Financial Services Malware – Security Threats Thriving


Ted McKendall

Financial services organizations continue to be among the top targets for cash-hungry cyber-criminals. 

In its annual X-Force Threat Intelligence Index, IBM revealed that while the number of records breached surprisingly dropped by nearly 25 percent in 2017, cyber-criminals increasingly shifted their focus to launching ransomware and other destructive attacks that would lock or destruct data unless the victim paid a ransom.  

Mixed News for Financial Services  

Financial services have long been cybercriminals’ number one target and for obvious reasons – that’s literally where the money is – and there’s little sign that these attacks are slowing down. 

For the second year in a row, IBM found that the financial services industry suffered the most cyber-attacks against it, accounting for 27 percent of security incidents across all industries, and 17 percent of attacks. 148m records were breached across the industry. 

This wasn’t all bad news from a year-on-year perspective; the sector did fall to the third-most attacked, behind ICT (33 percent) and manufacturing (18 percent), but it did see the most amount of incidents requiring further investigation (27 percent).  

Interestingly, researchers found that over three in four attacks involved old-school injection attacks – where untrusted and usually malicious code is inserted into a web browser. Approximately 23 percent of attacks were attributed to the Gozi malware, which first appeared on the scene as long ago as 2012. 


Security Issues Stem From Legacy IT and Human Error  

So, why is financial services in such bad shape?  

In many ways, it could be argued that now is an opportune moment in time for cyber-criminals. Banks, facing increased competition and compliance too with MiFid II and GDPR on the near horizon, are in the middle of their digital transformation initiatives, most of which involve some element of migrating certain applications and workloads to the cloud. 

To make a success of this, organizations need to connect people, process and technology, with any gaps across the three often resulting in project failure – and insecurities. 

This is backed-up by the study, which saw a 424 percent jump in breaches related to misconfigured cloud infrastructure in 2017, with most of these down to human error. The report also showed that inadvertent activity, such as misconfigured cloud infrastructure, was responsible for the exposure of nearly 70 percent of compromised records tracked.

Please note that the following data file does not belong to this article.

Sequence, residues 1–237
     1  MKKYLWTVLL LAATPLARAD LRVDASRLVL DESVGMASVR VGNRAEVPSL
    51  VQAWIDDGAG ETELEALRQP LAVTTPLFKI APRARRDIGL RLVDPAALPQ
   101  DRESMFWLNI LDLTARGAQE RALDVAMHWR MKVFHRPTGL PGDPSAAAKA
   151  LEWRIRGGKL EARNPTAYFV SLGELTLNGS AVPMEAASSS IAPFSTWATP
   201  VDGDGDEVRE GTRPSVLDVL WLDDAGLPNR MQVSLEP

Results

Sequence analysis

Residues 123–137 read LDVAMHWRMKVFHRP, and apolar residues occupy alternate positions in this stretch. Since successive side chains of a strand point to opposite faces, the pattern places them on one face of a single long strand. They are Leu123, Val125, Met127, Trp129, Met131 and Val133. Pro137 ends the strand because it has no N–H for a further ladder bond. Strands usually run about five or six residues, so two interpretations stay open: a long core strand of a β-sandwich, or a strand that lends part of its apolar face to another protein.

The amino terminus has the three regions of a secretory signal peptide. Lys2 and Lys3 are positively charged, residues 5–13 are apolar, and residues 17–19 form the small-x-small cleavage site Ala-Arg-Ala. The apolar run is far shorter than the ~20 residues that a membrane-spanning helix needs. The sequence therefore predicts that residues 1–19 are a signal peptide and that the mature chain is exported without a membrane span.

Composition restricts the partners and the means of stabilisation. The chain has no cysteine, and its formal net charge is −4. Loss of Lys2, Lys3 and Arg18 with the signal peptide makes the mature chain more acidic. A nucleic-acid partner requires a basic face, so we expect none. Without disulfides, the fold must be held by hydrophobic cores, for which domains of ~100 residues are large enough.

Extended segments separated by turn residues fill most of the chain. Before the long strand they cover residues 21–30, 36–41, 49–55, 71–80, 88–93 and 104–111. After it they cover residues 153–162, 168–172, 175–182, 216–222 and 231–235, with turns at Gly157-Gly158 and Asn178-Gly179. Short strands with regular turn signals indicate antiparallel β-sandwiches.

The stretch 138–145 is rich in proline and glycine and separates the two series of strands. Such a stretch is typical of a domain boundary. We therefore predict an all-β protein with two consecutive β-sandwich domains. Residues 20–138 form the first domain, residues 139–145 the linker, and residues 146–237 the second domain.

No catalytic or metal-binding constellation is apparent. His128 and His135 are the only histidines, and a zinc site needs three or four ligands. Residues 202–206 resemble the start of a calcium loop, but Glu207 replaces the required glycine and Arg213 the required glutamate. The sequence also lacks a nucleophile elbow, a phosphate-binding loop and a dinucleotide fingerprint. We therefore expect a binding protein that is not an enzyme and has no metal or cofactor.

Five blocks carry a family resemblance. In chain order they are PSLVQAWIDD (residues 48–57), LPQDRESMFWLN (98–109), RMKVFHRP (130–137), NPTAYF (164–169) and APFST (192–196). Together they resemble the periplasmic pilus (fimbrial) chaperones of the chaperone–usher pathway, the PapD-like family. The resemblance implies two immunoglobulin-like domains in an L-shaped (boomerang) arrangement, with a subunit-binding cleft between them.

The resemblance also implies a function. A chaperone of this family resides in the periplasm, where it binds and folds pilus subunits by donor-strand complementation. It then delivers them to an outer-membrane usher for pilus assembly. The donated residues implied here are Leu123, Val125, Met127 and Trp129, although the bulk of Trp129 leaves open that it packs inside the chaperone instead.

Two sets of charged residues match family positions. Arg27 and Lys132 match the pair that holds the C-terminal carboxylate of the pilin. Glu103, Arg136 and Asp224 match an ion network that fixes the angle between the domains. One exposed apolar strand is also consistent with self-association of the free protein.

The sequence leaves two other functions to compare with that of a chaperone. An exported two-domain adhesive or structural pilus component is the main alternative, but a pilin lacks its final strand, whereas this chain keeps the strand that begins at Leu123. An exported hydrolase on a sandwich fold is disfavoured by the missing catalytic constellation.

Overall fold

Human error, of course, remains at the root of all breaches across all sectors, with phishing attacks representing a third of activity that led to a security event in 2017. 

In addition to exploiting human error (at the financial services company) and a rapidly changing IT infrastructure, cyber-criminals also see an opportunity to get around cyber-security defenses by targeting the customers themselves. 

In particular, while financial services organizations are amongst the biggest spenders on cyber-security technology (and amongst the first to pilot emerging but untested technologies), cyber-criminals are increasingly using banking Trojans to target the banks’ end users – those using devices not managed by the bank to access the web applications. 

Take Gozi; in 2017, the Gozi banking Trojan and its numerous variants were the most prevalently used malware against the financial services industry. The Gozi malware specifically targets customers as it takes over initial banking login screens with prompts for consumers to enter other personal information, which is then shared directly with the attacker.  


Why You Need Full Transaction Stack Protection 

Such attack methods are particularly key when considering an attackers’ motives. Do they attack the infrastructure (i.e. the website) or the end user? 

There are many advantages to an attacker targeting individual end-users instead of the website. End-users, especially consumers, are usually much softer targets. They typically have fewer defenses – at best simply using a traditional signature-based antivirus solution (which is more than likely not up-to-date), at worst running no security software.  


Their computers are also much more likely to be behind in applying software patches to address vulnerabilities than the server running the web application. In addition, users visit a wide range of sites, most are non-business-related, so are much more likely to click a link, get fooled by a pop-up or phishing email, or visit a website that distributes malware. 


Any organization that has a web application that deals with sensitive information or is used for financial transactions needs to include all aspects of the web threat environment into the security and anti-fraud strategy. This means focusing on full transaction stack protection – which includes both the end customer’s device as well as the web application. Trusted Knight’s cloud-based Protector Air offers exactly that. Click one of the buttons below to read the technical whitepaper or get a free 90-day trial of Protector Air. 


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